The past couple of weeks have been great in terms of business: we have added on new distributors, gotten well into fourth quarter planning, and I have been able to knock a few nagging to-dos off my list (create a youTube page for the keyboard(http://www.youtube.com/user/targetedtech), etc). In the midst of working (constantly- yes, I know, I lost the off button), my five year old daughter finished her last week of preschool/kindergarten and "graduated" today. She has been in a Waldorf program since she was two, and for those of you familiar with the philosophy, you know that there is no "graduation" in the traditional sense, but my daughter participated in a special puppet play with the older students. In true "Elizabeth" fashion (as you will get to know), I do things in excess- or "Big", as my peeps would call it: so you know I had to have a graduation party. I planned a big day last weekend- my entire family (mom, sisters, brother, daughter and one of my daughter's best friends) went to go see the movie "Up" (which was WONDERFUL), then we met additional family members at my home for a catered dinner, cake and presents. It was a great day. An expensive day. And likely an uneccessary day.
Marianna (said daughter) would have been equally as delighted spending a few hours doing a puzzle, having pancakes for dinner, and watching Spongebob. So. The question I must ask myself is why, when I have SO much going on and not SO much dinero, do I add things like this to my plate. Simple answer= mommy guilt= overcompensating (usu. in the form of gifts) for our kids when we feel like we dont pay them as much attention as we'd like.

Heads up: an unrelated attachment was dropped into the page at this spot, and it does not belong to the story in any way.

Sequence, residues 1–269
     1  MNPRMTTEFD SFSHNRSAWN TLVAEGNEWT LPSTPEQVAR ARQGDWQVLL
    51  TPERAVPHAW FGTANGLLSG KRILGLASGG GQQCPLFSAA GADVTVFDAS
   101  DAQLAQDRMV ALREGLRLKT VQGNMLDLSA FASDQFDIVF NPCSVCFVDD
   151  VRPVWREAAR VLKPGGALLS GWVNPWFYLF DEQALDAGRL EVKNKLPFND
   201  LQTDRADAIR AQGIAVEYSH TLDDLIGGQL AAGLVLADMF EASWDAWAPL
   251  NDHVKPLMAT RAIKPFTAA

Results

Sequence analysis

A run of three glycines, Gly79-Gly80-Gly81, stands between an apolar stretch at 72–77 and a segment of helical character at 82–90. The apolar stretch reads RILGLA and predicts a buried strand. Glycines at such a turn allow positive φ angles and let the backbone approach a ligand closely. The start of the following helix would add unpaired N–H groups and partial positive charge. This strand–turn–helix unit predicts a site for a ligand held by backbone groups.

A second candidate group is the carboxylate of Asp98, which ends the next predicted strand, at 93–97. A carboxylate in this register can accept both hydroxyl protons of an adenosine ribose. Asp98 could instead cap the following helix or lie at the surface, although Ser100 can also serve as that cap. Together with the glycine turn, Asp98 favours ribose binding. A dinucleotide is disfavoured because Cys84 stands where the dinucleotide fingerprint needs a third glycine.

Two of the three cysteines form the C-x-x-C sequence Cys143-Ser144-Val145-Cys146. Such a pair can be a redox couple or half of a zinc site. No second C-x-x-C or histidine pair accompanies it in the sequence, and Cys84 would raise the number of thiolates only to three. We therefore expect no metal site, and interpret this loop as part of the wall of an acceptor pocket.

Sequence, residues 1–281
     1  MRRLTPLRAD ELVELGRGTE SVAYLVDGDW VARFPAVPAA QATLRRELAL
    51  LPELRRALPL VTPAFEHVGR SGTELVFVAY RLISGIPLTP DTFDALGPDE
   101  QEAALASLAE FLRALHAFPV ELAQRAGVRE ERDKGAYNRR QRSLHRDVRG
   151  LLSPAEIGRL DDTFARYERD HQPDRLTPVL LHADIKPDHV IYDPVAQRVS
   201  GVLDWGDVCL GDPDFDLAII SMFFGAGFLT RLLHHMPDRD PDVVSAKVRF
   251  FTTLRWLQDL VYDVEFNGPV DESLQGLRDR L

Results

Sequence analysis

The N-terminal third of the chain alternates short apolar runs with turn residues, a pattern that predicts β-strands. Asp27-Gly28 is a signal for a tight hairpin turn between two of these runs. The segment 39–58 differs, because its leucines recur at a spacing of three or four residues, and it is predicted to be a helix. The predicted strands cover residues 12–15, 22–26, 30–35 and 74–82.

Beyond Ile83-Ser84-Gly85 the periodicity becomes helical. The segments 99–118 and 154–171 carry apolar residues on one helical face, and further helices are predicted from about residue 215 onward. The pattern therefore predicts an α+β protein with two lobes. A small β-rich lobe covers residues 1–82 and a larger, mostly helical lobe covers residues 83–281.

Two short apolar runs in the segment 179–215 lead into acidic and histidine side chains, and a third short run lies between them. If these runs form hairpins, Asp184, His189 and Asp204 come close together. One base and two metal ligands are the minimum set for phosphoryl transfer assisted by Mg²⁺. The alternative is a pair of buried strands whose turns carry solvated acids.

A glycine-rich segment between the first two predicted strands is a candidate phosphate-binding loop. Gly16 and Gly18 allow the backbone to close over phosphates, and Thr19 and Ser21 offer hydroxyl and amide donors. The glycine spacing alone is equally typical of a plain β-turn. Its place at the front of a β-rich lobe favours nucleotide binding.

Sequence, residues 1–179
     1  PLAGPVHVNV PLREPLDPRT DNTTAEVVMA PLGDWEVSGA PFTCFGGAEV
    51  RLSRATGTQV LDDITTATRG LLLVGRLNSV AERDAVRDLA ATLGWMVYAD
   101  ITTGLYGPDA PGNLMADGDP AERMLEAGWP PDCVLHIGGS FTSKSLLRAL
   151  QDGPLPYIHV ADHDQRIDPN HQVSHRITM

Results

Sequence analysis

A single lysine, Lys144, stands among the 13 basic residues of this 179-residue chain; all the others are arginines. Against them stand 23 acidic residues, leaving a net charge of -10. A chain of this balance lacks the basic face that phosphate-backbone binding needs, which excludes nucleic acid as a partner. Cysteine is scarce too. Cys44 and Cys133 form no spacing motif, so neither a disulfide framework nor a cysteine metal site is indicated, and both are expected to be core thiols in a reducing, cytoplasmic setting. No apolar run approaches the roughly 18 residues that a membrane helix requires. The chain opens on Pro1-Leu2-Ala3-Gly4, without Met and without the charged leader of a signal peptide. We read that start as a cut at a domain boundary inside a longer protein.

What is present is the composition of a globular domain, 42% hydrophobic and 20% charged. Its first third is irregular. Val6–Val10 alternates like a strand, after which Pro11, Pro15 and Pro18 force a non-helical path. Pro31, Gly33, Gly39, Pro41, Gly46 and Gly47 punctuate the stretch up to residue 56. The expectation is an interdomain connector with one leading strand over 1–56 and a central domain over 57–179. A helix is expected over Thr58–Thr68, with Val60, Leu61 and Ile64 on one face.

Yes, I am proud of my daughter. It is my daily goal to make her happy. But when I am constantly pulled away by and for work- especially compounded by the fact that I work from home- I admit that I do extra things to supplement for my absence. Sometimes I wonder, if I'd rather work a regular 9-5- at least I'd come home and for the most part, be present. I work so hard to be able to "be here" that the sad irony is that, though I am home, I'm not present as much as I'd like to be. So much for WAHM.
I started this company for my daughter. When we went to buy age appropriate technology tools for her all I saw was plastic and dot matrix and NOTHING that would work with our home computer and help enhance her experience with technology. So I created it- the myPC Stage I Keyboard was born (and the Stage II, III and more!). To this day, she will point at pictures of the MyPC Stage I Keyboard and say- "that's my computer!". There is no better feeling in the world than knowing that I accomplished this- for myself, for Mari, and for all the other toddlers and kids that use the product. I have been afforded the opportunity to be around to drop my daughter off at school and pick her up in the afternoon, to spend at least ONE day a week when I try not to work at all and just focus on her. My reasoning is that the harder I work now, the more time I will have for her in the very near future. Am I kidding myself?
I have seen the term "Mommy Guilt" surfacing all over the place. (BTW, Is there "Daddy Guilt" too? And if so, do we talk about it?) I work very hard, always have and am a mom. Balancing work and home is a common and daily struggle. At the end of the day, the benefits outweigh the costs... I guess.
At any rate, a fellow mom has recommended the book, "I was a really Good Mom Before I had Kids", by Trisha Ashworth. Check it out, let me know what you think. Im going to read it too-
Three moms (or dads) who comment on how you deal with mommy/daddy guilt get a FREE myPC Stage I Keyboard for your child! Winners will be announced next week.
We are ALL winners with myPC, so for 20% off of the first spill proof keyboard for toddlers, visit www.mytechstart.com and enter Promo Code 20PERCENT at check out. Enjoy!